Dozens of South African companies are under investigation for providing substandard personal protective equipment (PPE) which was meant to help stop the spread of the coronavirus, the Sunday Times reports.
The South African Health Products Regulatory Authority (Sahpra) is working alongside the Hawks and the Special Investigating Unit (SIU) on the probe, with four companies already facing charges.
Hawks spokesperson Brig Hangwani Mulaudzi said that there are more than 50 cases regarding substandard or falsified PPE. However, he said that Hawks are not yet able to quantify the the substandard PPE involved, or the total value of the equipment.
“It is a countrywide investigation and correct charges will be preferred once all the evidence has been collected. Corruption cannot be ruled out.”
Data from the South African Bureau of Standards (SABS) shows that around 60% of the medical-grade masks scrutinised did not meet quality criteria. SABS lead administrator Jodi Scholtz said most of its inspections took place at warehouses before the PPE was dispatched.
“Non-compliant masks are harmful to the wearer as they might allow for particle penetration, might be made of material that irritates the skin and might have a higher than acceptable breathing resistance,” said Scholtz.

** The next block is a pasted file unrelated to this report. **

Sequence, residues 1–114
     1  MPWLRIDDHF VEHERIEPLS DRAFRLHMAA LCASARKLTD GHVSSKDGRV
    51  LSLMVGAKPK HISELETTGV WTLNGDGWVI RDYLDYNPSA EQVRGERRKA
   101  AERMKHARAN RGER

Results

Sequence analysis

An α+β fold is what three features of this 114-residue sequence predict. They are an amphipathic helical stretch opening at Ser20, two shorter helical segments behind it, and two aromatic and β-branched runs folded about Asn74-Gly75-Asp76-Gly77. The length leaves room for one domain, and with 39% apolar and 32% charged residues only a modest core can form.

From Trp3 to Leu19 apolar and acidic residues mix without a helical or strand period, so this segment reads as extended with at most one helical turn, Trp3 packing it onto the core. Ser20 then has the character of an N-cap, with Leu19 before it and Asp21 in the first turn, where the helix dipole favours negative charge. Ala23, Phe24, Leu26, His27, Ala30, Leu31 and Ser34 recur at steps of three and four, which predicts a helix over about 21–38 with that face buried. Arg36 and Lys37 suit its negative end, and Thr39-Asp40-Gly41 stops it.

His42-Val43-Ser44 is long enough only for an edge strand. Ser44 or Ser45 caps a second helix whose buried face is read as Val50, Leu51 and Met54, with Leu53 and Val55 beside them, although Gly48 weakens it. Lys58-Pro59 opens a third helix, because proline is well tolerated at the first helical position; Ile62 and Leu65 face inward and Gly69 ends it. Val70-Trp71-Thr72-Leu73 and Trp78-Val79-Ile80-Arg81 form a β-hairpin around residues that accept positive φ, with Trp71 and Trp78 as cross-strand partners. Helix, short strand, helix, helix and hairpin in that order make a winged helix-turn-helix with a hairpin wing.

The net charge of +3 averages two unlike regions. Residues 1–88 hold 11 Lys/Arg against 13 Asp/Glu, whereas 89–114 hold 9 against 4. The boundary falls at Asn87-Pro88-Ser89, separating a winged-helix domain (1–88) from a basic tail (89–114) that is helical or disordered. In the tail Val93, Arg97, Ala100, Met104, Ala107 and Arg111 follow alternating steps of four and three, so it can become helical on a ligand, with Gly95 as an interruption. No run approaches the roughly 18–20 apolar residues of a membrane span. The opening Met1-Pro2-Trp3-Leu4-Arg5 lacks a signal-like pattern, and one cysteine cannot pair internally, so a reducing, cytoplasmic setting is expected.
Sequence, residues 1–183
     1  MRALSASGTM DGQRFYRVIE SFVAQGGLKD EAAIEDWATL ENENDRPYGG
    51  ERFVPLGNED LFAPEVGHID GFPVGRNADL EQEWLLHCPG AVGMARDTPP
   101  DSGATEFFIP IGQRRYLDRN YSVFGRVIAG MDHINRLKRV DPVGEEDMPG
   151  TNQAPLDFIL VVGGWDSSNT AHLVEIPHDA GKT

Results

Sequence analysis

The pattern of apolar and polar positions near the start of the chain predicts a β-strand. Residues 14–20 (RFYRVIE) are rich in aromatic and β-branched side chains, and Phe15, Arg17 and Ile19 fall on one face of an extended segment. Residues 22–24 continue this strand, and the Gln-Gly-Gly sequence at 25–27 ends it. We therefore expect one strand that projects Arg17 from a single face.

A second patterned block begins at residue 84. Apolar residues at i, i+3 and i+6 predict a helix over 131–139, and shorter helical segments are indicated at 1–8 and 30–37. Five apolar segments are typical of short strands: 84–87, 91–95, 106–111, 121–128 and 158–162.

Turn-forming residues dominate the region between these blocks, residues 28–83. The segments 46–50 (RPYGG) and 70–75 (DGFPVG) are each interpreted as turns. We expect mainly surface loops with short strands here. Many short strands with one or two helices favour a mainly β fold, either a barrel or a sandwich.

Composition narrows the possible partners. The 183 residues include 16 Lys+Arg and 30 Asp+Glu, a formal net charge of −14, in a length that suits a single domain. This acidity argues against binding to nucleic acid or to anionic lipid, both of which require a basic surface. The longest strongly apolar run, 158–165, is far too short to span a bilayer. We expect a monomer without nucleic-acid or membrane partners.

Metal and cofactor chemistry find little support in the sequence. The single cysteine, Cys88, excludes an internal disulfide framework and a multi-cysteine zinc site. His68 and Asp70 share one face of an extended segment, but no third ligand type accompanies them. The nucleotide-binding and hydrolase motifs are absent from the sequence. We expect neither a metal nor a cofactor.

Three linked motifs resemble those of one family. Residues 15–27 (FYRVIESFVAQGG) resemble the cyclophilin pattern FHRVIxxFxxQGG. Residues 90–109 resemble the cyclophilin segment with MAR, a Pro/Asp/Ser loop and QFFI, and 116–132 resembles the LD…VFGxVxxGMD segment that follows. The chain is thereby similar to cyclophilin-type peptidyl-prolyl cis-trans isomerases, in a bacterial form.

“It is important to remember that different batches of products may have different results, so it is not correct to assume that a manufacturer is only producing defective or substandard products.”
The investigation comes after Auditor General (AG) Kimi Makwetu published a report this week which found major flaws and corruption in South Africa’s R500 billion coronavirus funding.
“Based on what was audited to date, there are clear signs of overpricing, unfair processes, potential fraud and supply chain management legislation being sidestepped,” he said.
“In addition, delays in the delivery of personal protective equipment and quality concerns could have been avoided through better planning and management of suppliers.”
Some of the key issues identified in the PPE procurement included;
- There are delays in the delivery of PPE;
- PPE are not always procured at market-related prices;
- There are deficiencies and non-compliance in PPE procurement processes;
- There are insufficient controls to ensure the receipt and payment of PPE at the levels of quality and price ordered.
“The problem with the quality of PPE purchased is most evident in a few schools that were visited where the masks provided were not to specifications and were often one-size-fits-all (whether for a child or an adult),” said Makwetu.
“Instances were also found where specified PPE items ordered by a health department were substituted by the supplier with items of a lower specification, which the department accepted and even paid for at the higher price of the originally ordered item.”
In addition, poor controls were evident in auditees that received and paid for goods that were not ordered, he said.